Note that, although the resolution of the HP DesignJet 1055CM is 600dpi, you should create your graphics at 300dpi rather than 600dpi. The result will look just as good, and you will avoid problems caused by the huge job sizes of 600dpi graphics. On the other hand, if you have created graphics at screen resolution (usually 72 or 75 dpi), they will not look good when printed, no matter how high the resolution of the printer or plotter.
Solid backgrounds use a tremendous amount of ink, and there is no guarantee that the result will be satisfactory. If your plot is large and has a solid color background, you may not like the result due to the saturation of the paper. It is also possible that the plotter might run out of ink before finishing the plot.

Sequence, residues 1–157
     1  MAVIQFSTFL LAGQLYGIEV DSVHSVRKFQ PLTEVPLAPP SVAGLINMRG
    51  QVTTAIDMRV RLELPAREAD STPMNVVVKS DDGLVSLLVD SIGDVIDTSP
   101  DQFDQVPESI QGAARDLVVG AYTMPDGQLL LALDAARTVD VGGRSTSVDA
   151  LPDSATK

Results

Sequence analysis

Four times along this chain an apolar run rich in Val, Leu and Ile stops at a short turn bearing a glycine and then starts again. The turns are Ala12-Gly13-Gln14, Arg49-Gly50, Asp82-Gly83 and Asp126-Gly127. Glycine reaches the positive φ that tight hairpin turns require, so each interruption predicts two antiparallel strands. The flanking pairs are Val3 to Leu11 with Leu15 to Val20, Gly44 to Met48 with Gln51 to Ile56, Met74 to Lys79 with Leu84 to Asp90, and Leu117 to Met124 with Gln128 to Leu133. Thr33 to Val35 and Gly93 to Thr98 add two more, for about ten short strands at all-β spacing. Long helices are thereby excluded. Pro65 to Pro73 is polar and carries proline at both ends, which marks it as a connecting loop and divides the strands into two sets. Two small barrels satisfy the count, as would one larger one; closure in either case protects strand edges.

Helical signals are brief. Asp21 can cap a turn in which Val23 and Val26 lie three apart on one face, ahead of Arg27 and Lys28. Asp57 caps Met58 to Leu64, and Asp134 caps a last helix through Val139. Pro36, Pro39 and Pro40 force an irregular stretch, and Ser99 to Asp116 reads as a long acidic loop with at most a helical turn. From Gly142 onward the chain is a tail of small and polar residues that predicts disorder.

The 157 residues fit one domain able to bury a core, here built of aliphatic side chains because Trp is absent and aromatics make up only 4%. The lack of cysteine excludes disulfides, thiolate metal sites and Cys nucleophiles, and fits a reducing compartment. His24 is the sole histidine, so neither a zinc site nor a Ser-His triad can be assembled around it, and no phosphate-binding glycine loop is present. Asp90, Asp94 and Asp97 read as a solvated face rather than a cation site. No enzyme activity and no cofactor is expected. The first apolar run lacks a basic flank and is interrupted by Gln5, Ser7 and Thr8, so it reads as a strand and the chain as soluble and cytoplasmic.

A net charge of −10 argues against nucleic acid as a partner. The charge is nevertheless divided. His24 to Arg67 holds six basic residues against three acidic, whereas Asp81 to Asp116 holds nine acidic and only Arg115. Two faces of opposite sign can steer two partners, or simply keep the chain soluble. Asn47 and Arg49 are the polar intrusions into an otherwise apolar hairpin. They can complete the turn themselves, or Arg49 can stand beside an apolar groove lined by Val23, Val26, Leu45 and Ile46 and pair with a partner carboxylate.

For many reasons, it is difficult to impossible to make your plotted output match the colors you see on the screen. For starters, monitors and scanners are based on an "additive" color system, using the RGB (red, green, blue) color space, while the plotters are based on a "subtractive" system and use CMYK (cyan, magenta, yellow, black). And different monitors can vary in many ways, including calibration, variances in the phosphers and bit depths. Also the device gamut (range of colors) is widely different, with monitors displaying many more colors than any printing device. Colors will also look different on different types of paper. Color science is exceedingly complex-- way beyond the scope of this discussion. Although the next section on configuring the plotter device driver and the section on plotting from Photoshop have a few tips for improved results, the bottom line is that you cannot expect exact agreement between your screen and the paper. If precise color rendition is important to you, consider going with a professional printing outfit.